Unlike numerous competitors who ask for definitions, word origins, parts of speech or for their words to be used in sentences, Kael in both the second and third rounds simply started spelling.
The remaining contestants were set to take a four-section, computerized test in a semi-final round Wednesday evening. It consisted of 12 spelling words and 14 vocabulary words. Her parents got permission from Scripps to let Edith spend some of her time offstage while waiting to spell.
Spellers could earn a maximum of 30 points on the test. Spellers that advanced to the finals needed to have earned 29 points to keep the number of spellers in the finals under 50.
Google determined the most troublesome words using search queries that began with "how to spell" and then the word.
The bee opened Tuesday with 291 spellers, the largest field in its 90-year history.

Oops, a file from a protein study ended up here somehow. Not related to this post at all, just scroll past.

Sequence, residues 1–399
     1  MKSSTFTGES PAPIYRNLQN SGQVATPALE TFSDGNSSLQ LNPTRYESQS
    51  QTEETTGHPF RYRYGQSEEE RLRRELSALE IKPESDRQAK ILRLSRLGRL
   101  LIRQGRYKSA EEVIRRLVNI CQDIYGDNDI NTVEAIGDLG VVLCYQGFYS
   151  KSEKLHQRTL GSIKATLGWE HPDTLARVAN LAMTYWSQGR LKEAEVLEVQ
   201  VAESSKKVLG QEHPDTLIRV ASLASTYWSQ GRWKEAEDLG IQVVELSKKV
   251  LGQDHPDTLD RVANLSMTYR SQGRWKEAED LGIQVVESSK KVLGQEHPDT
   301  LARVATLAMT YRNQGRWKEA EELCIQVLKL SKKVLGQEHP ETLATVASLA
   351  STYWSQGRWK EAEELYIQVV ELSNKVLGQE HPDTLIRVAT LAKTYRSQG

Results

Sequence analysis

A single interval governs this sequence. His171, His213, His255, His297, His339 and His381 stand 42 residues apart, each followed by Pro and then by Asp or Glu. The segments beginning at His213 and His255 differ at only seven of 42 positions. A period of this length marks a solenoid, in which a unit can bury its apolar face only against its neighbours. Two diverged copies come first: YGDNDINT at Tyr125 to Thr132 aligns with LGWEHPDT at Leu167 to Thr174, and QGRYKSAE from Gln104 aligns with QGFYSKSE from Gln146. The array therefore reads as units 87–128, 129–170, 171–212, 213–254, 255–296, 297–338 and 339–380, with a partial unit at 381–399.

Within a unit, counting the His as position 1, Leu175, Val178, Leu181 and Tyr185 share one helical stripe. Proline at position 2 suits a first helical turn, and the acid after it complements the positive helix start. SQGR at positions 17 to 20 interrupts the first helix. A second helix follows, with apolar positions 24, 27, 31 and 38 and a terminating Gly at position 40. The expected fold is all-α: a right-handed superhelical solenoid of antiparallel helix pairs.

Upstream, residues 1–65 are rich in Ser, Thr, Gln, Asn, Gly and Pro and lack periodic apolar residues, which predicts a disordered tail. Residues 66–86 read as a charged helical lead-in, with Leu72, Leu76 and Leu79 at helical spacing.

Fuller, who is homeschooled by her parents, qualified for the bee in March at just five years old, the age of most kindergartners.
The final round of the competition airs from 10 a.m.to 2 p.m. today on ESPN2 and during prime time on ESPN from 8:30 to 10:30 p.m.
Miller said he hopes to compete again next year.
The bee's 6-to-15-year-old contestants include spellebrity Edith Fuller.
Haris Rana (right), an eighth-grader at Fort Smith's Chaffin Junior High School, and Pulaski Academy seventh-grader Parray Faizan were the top two finishers in Saturday's spelling bee. The sisters finished first and second in two previous competitions this spring, with Sophia winning the Buchanan County Spelling Bee, while Sylvia won the Northwest Missouri Regional Spelling Bee to qualify for the national event.